Instead, start with an item that seems ordinary, but has some history behind it. Maybe it came from your ancestors, or as a gift from someone you admire, or maybe you forged a sword yourself for some worthy goal. It might be an ordinary shield you just REALLY like and that's it. Or your favorite set of thieves' tools. Any item, really.
I'd would probably allow for only ONE nonmagical item per PC to be attuned at a time. Of course, there should be an in-character explanation.
The usual rules for Attunement apply.
AttunementHere is the twist: every time your gain an odd level, roll 1d6 for every nonmagical item you're attuned to, and 1d10 for each magic item. If you roll a 1, the item becomes better somehow.
magicitems require a creature to form a bond with them before their magical properties can be used. This bond is called attunement, and certain items have a prerequisite for it. If the prerequisite is a class, a creature must be a member of that class to attune to the item. (If the class is a spellcasting class, a monster qualifies if it has spell slots and uses that class’s spell list.) If the prerequisite is to be a spellcaster, a creature qualifies if it can cast at least one spell using its traits or features, not using a magic item or the like.
Without becoming attuned to an item that requires attunement, a creature gains only its nonmagical benefits, unless its description states otherwise. For example, a magic shield that requires attunement provides the benefits of a normal shield to a creature not attuned to it, but none of its magical properties.
Attuning to an item requires a creature to spend a short rest focused on only that item while being in physical contact with it (this can’t be the same short rest used to learn the item’s properties). This focus can take the form of weapon practice (for a weapon), meditation (for a wondrous item), or some other appropriate activity. If the short rest is interrupted, the attunement attempt fails. Otherwise, at the end of the short rest, the creature gains an intuitive understanding of how to activate any magical properties of the item, including any necessary command words.
An item can be attuned to only one creature at a time, and a creature can be attuned to no more than three magic items at a time. Any attempt to attune to a fourth item fails; the creature must end its attunement to an item first. Additionally, a creature can’t attune to more than one copy of an item. For example, a creature can’t attune to more than one ring of protection at a time.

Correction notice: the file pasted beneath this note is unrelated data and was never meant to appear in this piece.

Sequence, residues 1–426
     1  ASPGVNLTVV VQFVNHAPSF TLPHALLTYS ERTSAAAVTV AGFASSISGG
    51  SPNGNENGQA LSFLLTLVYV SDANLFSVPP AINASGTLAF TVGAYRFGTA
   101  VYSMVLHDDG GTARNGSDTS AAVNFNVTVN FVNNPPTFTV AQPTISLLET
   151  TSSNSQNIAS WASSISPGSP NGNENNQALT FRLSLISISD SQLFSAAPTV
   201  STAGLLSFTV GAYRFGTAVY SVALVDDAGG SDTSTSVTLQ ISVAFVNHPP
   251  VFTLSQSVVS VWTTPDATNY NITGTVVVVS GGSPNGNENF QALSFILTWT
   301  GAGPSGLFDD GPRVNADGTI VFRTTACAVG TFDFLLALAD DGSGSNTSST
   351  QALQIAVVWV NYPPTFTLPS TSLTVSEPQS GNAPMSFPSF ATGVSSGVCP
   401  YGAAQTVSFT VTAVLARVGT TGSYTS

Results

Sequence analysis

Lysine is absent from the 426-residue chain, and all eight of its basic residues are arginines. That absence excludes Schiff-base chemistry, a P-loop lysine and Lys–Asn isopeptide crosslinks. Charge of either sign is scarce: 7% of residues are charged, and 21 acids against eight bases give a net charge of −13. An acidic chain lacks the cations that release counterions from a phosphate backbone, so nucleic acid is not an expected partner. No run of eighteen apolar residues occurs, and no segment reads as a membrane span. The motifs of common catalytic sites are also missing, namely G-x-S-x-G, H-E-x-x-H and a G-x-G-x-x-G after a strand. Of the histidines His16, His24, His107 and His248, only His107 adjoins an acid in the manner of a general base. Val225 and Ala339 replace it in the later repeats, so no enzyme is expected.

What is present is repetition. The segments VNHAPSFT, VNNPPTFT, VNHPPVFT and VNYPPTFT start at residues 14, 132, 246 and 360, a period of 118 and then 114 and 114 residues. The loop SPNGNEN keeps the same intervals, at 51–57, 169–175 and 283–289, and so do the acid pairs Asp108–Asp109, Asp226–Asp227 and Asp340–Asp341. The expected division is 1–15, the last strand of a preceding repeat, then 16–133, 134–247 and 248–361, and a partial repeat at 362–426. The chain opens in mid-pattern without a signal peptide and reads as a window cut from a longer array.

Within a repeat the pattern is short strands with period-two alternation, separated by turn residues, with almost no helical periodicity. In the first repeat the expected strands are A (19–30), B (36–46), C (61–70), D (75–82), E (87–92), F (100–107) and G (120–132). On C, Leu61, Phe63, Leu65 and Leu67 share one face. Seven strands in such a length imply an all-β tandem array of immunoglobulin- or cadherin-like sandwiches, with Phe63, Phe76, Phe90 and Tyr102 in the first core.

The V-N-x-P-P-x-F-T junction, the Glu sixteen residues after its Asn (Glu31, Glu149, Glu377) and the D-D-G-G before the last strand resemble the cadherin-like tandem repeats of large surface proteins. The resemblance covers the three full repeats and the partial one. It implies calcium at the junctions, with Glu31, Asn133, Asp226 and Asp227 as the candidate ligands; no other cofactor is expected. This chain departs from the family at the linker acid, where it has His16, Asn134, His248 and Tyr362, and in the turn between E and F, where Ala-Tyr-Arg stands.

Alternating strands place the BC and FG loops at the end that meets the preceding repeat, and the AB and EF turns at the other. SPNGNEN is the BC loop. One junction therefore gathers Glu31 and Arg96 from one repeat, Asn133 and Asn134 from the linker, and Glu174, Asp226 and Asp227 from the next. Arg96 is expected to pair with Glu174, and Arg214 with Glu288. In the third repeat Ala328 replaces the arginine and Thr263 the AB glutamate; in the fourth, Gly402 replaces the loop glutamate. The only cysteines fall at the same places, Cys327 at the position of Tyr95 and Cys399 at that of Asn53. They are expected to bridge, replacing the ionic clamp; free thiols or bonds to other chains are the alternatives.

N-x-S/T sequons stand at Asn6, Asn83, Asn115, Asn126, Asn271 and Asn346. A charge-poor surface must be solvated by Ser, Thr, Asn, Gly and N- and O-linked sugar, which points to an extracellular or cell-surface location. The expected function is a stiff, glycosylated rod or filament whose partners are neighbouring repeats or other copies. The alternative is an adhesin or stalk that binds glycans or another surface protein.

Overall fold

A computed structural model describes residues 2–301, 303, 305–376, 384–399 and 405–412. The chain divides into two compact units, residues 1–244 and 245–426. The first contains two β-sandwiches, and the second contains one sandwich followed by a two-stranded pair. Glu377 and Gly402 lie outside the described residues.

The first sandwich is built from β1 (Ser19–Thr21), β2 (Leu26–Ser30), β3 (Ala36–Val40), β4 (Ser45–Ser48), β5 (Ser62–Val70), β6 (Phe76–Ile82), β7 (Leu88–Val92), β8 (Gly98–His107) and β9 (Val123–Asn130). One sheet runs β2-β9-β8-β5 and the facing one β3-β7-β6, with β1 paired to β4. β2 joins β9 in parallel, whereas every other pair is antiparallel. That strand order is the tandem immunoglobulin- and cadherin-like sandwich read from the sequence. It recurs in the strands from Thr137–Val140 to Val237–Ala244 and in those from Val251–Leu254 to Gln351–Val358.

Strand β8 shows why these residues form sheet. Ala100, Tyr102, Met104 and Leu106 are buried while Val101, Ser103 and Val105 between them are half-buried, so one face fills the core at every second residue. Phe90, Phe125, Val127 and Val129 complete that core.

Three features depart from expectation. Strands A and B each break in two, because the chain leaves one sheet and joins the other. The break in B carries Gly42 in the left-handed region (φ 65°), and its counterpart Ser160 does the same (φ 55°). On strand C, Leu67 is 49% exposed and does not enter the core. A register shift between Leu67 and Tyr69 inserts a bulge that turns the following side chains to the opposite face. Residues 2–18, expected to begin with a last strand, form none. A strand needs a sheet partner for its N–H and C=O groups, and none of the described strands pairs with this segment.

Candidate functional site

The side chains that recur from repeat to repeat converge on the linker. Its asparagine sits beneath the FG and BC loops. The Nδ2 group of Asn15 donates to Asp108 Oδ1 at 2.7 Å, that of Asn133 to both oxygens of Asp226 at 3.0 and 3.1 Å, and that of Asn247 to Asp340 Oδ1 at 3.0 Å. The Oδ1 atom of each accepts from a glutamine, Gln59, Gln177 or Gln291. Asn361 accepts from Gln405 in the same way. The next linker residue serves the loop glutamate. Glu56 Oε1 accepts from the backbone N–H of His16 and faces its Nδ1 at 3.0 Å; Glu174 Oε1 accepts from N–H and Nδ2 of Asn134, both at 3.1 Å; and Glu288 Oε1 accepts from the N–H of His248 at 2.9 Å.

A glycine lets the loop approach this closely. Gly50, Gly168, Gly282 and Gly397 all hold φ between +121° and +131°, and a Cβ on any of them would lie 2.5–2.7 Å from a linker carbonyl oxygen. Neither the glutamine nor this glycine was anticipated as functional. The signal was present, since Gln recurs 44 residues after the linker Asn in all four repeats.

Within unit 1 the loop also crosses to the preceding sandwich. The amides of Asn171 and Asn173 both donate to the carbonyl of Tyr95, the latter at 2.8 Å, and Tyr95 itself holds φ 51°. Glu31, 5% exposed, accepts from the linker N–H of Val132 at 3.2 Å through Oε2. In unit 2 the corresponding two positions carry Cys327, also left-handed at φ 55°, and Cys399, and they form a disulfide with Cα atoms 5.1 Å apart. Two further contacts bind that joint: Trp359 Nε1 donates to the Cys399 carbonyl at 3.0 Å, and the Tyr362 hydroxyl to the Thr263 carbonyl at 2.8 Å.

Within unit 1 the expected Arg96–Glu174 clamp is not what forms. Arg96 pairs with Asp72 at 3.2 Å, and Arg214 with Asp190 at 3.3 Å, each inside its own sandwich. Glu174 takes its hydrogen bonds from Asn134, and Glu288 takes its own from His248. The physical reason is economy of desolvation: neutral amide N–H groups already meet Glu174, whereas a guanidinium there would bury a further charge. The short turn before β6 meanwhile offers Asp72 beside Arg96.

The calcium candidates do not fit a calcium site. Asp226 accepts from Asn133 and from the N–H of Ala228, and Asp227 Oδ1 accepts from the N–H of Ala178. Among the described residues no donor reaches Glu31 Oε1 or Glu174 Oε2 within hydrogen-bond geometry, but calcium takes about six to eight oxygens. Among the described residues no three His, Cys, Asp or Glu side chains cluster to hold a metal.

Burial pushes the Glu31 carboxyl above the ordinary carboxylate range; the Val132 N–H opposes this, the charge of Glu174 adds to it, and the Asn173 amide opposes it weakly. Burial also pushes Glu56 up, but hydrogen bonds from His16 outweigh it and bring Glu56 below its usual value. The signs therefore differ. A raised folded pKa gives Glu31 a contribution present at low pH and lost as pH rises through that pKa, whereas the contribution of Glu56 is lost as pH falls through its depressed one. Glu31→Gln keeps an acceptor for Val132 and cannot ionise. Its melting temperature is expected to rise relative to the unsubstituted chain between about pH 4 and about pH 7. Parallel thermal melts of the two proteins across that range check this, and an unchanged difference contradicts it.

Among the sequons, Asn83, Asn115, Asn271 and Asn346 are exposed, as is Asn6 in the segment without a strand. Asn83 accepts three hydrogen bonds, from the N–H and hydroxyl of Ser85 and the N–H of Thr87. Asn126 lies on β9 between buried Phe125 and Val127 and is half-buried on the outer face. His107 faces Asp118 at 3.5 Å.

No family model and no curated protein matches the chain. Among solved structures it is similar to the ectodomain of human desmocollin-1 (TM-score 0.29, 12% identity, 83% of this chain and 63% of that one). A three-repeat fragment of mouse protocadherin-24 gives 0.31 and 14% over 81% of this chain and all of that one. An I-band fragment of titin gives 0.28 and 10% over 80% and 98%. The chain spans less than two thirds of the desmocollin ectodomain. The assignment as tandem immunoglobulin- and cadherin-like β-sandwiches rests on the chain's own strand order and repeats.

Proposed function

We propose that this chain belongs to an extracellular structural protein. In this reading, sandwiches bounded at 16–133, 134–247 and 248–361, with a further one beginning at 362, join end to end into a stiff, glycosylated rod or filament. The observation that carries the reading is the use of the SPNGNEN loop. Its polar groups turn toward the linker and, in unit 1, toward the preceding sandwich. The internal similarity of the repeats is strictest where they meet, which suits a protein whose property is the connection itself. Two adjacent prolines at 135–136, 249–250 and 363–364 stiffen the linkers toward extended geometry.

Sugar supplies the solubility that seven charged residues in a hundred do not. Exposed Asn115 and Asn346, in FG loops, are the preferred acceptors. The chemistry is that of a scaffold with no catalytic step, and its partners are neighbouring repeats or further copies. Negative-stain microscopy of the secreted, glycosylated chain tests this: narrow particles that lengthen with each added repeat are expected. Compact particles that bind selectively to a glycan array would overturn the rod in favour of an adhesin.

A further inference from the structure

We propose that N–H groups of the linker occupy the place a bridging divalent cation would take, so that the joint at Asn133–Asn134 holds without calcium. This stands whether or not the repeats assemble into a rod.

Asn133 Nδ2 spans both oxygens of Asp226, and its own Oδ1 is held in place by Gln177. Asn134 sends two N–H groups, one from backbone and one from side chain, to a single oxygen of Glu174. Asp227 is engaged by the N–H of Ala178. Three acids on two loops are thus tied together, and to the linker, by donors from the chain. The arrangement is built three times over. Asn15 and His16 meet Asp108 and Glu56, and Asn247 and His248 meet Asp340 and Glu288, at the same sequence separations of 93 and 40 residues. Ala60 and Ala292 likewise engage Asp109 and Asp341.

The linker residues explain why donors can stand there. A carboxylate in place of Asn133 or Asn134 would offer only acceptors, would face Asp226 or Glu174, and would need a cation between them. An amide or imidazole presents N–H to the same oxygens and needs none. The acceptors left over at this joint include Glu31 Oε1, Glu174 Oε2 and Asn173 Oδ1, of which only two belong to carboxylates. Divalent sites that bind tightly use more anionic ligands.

A creature’s attunement to an item ends if the creature no longer satisfies the prerequisites for attunement, if the item has been more than 100 feet away for at least 24 hours, if the creature dies, or if another creature attunes to the item. A creature can also voluntarily end attunement by spending another short rest focused on the item, unless the item is cursed.
Maybe start with a +1 bonus, then +2, etc. Add extra damage against dragons if you're on a quest to slay dragons. Give the player some choice. Require special materials or new quests if you want to. You might prefer rolling every level, or every four levels, etc., as you wish.
You can still combine this with the usual "find progressively better magic items as you adventure" - even found items can improve with time, if you attune to them.
Could the PC give their items away? Well, it would be missing the point, and also sub-optimal, but why not let them? Especially if a PC dies and a new PC want to continue the dead man's quest, etc. Sounds like a good idea.
If you want to limit that, make the item lose some of its power when changing hands. Only high-level heroes leave legendary items worthy of notice.
I see a lot of advantages to that rule, but one thing that comes to mind is that I know one character (Rogue) that played trough a whole (published) module but found no magic weapons with finesse, only plenty of monsters that are outright immune to nonmagical attacks. The entire group is level 10 and everyone else has magic items (or just spells) since level 5.
There is also this player tendency to pay attention to things that have no special importance or powers. "So, this is the shield of the last guy that fought the tyrant? I'll take it!". Why not let players CHOOSE what is important and POTENTIALLY give it a benefit?
[Giving it a benefit AUTOMATICALLY might be a bad idea, but I'll not go into this here.]
In short, this gives players meaningful choices. I like it.
Anyway, let me know what you think in the comments.